I committed to a huge chunk of work for the Beach House Inspiration post, but I’m proud of the results and the house feels lighter.
I started with Task 2, which was the hardest: reduce quantities of *select items in specific storage spaces: *linen closet for towels and extra bedding, kitchen counter “stuff” that isn’t for food preparation, and mud room for extra shoes, boots, and flip flops.
- Main focuses: kitchen counter catch-all (frustrating on a daily basis) and the great room (piles/bins of projects).
- Lesson learned: keeping my in-progress projects visible did not yield motivation or inspiration. Instead they made me feel overwhelmed and frustrated.
Before – kitchen counter – the worst place for a drop-zone.
After – a placemat increases discipline to keep the space clear for eating or working at the counter.
After – the tray that enabled a drop-zone and served as a dangerous catch-all had to go.
Task 2 nicely merged with Task 4: move incomplete projects to a master list, then to a plastic bin, and store properly.
- Before I started anything, I walked around the house noting things that needed to be done. We use Evernote as our master list, so I added them there.
- Lessons learned:
- sometimes my master list is overwhelming. To gain traction, I’ll select 2 or 3 items from the master list, break them down into smaller steps, and get them into my calendar. (Project management 101).
- I should have only 1 project out and in progress at a time (whenever possible) to increase productivity and decrease visual clutter.
Before – piles, photo organizing project.
Before – piles and a bin.
After – Removing projects in-progress reveals a peaceful and sunny window seat.
Before – Piles on top of bins, framed photos, kids artwork, and mystery items.
During – most of a day spent planning the arrangement, spacing, and hanging.
After–ish – still in progress but 2 large bins of frames hung up and cleared out.
After – only 1 bin remains visible which are the photos needed to complete the wall collage.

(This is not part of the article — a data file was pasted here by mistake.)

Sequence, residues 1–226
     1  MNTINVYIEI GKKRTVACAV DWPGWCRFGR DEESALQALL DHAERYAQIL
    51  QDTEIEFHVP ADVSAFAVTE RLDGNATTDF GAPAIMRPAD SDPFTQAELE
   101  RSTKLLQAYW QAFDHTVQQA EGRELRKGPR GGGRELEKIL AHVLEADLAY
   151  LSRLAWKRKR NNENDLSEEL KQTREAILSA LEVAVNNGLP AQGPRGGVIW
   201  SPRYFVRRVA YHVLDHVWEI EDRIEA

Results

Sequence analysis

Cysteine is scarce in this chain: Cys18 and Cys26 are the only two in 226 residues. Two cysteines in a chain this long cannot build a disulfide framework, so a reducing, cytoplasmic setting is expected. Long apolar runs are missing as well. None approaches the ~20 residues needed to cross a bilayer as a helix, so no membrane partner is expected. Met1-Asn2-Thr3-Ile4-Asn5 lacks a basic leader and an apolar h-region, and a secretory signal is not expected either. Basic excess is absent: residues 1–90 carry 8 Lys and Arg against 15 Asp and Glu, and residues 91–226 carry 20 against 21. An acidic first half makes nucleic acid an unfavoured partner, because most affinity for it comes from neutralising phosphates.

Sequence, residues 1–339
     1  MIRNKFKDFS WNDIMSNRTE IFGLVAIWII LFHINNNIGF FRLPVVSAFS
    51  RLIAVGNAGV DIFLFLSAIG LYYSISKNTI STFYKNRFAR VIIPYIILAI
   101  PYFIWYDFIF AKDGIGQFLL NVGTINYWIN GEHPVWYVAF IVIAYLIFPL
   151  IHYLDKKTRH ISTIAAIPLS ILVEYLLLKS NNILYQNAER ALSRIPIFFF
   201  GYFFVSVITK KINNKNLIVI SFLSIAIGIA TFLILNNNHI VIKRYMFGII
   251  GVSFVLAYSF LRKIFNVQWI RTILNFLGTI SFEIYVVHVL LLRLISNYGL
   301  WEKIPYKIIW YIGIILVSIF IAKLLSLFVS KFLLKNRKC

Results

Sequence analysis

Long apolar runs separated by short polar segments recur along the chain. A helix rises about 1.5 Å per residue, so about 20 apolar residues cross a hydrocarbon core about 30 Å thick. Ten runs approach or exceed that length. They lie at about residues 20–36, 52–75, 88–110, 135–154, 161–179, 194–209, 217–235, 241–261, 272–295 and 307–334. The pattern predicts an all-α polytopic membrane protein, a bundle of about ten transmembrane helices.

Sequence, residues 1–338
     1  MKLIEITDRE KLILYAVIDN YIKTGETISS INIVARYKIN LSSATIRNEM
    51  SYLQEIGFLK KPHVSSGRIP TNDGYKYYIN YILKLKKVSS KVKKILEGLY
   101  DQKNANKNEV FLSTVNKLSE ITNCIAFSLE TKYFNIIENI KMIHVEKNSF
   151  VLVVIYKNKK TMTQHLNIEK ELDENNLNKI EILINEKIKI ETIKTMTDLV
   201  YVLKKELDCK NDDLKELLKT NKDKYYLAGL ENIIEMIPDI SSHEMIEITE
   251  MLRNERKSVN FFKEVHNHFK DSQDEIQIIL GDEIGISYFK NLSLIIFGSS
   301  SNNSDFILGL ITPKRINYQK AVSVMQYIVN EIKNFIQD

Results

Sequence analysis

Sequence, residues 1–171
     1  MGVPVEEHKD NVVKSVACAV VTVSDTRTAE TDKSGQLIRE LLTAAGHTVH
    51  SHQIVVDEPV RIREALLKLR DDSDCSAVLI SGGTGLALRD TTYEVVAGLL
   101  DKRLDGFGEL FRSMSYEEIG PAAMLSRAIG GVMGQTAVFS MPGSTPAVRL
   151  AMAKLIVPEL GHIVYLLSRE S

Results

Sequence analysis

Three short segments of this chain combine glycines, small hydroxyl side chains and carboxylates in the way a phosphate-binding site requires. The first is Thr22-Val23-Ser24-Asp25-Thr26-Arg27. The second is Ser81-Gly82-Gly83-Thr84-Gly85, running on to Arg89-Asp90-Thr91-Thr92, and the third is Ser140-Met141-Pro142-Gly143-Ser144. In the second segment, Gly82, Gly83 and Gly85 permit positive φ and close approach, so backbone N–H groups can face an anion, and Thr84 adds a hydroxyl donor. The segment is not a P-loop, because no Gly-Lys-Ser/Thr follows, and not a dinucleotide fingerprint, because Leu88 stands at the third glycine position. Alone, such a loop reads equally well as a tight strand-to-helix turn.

Task 3 was the most fun: place charming baskets or pails outside each entryway for kids to store their “treasures,” muddy boots, sandy crocs, and wet umbrellas. Squeeze in a potted plant that can survive the traffic level.
- Lessons learned:
- having a vision makes the work easier. I felt motivated to do what felt like drudgery: clearing out dead leaves, cleaning up dirty beach toys, moving shoes (again).
- a vision kept me focused. I didn’t get overwhelmed by the sides of the house that also need attention but were not part of this project.
Before – front door with an empty flower pot and a lonely tulip
After – front door (close-up) softened with palm-grass and warmed up with red pots full of seedlings that will burst with color in a few weeks.
Before – back entry off the deck, originally built for relaxing, now a high-traffic drop zone, narrowed by bags and shoes.
After – back entry (close-up) after removing clutter and added flower pots.
After – back entry with less stuff feels great, even with the Cinderella kite watching us.
Task 1: create a space meant for one solitary purpose: do nothing but relax and unwind here.
I assumed that my office/craft room would be the space for relaxing and unwinding since it’s the one space that is all mine. But something surprising happened! My kids opened up the storage box where we keep seasonal shoes and other items that get shoved there. I thought they were going to take out all the rain boots, garden clogs, and crocs, but they found my yoga matt and unrolled it on the deck. And just like that, my space meant for relaxing and unwinding was complete.
- Lessons learned: you might end up somewhere unexpected, but it’s where you were meant to be; sometimes your kids know better than you do!